Comments from John James McGlew

NAME:               JOHN JAMES MCGLEW, REG NBR 31,903
COMPANY:            MCGLEW AND TUTTLE, P.C.
                    COUNSELORS AT LAW
ADDR-1:             SCARBOROUGH STATION

CITY, STATE ZIP:    SCARBOROUGH, NY  10510-0827
TELEPHONE:          (914)941-5600
FAX:                (914)941-5855
REPRESENT:          COMPANY


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 016-0001.TXT

    VYe address the questions regarding he Effect of URAA on Existing
P8ent Term Extensioris !1_der 35 U.S*C ~i5fi.

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 016-0002.TXT

    1.  Should PTO take any action wlth respoct to eSsting patenl
term ezeenslons under Section 156?

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 016-0003.TXT

If ths PTO takes no action, a logicS interpretation will be the third
interpretabon provided in the notice. That is, the new w clearly
provides a ionger term than the original 1 7-year term for those
pat2nts wharein the 2Gyear term from filing is longer. The law also
spemfically preoludes a peent trom belng extended beyond the 1 syeat
itation. Wlthout the Patent Offico uking any action, patentees can
det~mine that Meir extension shcwld be added on to te ionger of
17-years or 20-years from filing, provided that the terrn doss not go
beyond the 14 years from _ FDA approval.

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 016-0004.TXT

    2.  What appro3ch should PTO take with resp›ct to the calculation
of new patent term extensiorls under secUon 1567 where tho patent Is
entilled to the longer of the 17 or 20-year patent term under tile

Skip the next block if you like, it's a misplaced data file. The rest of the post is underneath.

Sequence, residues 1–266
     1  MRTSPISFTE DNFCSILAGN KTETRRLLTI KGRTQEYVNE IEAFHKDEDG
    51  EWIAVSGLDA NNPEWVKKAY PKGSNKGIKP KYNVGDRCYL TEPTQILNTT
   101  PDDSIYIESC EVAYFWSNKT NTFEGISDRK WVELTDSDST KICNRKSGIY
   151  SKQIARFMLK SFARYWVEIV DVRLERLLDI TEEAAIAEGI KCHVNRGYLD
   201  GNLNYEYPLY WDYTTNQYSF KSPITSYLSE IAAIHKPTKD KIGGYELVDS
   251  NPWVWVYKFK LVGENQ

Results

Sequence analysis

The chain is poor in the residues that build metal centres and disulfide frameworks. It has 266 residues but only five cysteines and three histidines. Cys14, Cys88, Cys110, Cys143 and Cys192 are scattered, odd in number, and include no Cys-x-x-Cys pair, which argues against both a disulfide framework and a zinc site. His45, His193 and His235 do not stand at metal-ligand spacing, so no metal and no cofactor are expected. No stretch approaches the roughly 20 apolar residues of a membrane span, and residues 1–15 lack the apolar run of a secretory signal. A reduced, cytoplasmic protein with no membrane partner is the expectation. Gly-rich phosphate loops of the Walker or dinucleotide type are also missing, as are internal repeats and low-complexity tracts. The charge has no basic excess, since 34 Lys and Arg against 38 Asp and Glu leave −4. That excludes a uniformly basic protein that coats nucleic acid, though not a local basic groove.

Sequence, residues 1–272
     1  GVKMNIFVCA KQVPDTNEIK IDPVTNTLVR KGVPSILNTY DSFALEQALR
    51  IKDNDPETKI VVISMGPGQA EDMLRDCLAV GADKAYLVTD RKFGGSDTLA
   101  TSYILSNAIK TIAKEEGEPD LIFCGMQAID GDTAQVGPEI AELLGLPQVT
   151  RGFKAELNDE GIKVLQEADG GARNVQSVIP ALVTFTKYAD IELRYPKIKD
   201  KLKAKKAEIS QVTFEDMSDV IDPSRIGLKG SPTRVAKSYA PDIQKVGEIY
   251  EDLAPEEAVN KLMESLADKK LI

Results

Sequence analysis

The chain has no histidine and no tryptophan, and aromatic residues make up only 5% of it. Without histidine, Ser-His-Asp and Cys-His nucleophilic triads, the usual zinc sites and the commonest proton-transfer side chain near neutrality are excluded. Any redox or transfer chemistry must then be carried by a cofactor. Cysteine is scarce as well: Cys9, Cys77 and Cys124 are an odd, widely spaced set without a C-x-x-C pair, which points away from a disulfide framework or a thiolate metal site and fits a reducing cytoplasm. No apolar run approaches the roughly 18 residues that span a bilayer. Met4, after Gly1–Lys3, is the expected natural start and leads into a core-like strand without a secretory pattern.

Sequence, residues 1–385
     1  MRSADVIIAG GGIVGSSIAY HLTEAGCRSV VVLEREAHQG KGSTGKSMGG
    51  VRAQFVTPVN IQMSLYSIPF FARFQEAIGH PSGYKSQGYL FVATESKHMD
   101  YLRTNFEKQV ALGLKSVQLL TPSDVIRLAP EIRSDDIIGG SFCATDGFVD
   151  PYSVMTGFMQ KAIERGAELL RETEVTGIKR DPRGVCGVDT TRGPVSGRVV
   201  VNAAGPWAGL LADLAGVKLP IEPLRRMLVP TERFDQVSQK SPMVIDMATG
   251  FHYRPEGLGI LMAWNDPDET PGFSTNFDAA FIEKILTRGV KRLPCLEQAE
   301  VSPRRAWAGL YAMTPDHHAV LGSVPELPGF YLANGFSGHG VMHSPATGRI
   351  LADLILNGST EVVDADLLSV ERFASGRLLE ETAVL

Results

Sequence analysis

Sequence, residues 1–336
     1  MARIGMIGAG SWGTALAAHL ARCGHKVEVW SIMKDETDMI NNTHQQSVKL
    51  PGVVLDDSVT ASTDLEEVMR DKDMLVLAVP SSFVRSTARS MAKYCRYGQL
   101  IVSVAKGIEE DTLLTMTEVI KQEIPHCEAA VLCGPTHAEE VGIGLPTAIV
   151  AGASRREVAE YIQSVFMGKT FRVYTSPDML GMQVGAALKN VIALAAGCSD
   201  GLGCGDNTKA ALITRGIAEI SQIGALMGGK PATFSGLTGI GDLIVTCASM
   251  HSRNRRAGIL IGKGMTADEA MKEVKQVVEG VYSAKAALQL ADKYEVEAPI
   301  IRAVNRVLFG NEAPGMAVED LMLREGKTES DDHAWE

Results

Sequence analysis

URAA?

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 016-0005.TXT

The first interpretation appears loglcal but it clearly does run the
risk of violation of 35 U,S.C. Sedon 1 56(c)(3). Some law change
appears necessary for the first interpretation to be aeceDted.

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 016-0006.TXT

The second interpretation proposed is not in aecordance with the new
law and provides potentily Inequitable results. It z ceminly possible
under the second interpretation for a patant to be extended a short
term and actuily expirs before K would have explred If it wefe gIven
the duraSon based on 20 yeas from filing ciate. This second
interpretation should not be adopteci.

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 016-0007.TXT

The third interpretation is cleariy the best as to what the term of
the patent should be. if the 20-year from ffling term is lon~er,
exterlsions should be added on to determine the new patent term.
Howevy, it i5 not clearly necessary for the PT0 to advise the originN
patent term extensions in arder to avoid problems with 35 U.S.C.
Sectlon 156(c)(3). That is, this law should take effect whether or
not the Patent Offioe feYises the extensions granted. If the Pkent
OfElce does feel it is necessary to revise these extensionsj tl~is
would still be the best approach as this i8 the only approach that
fully takes into aceount the changes ln the laut and takes Into
account exisEng law.

Last Modified: March 1995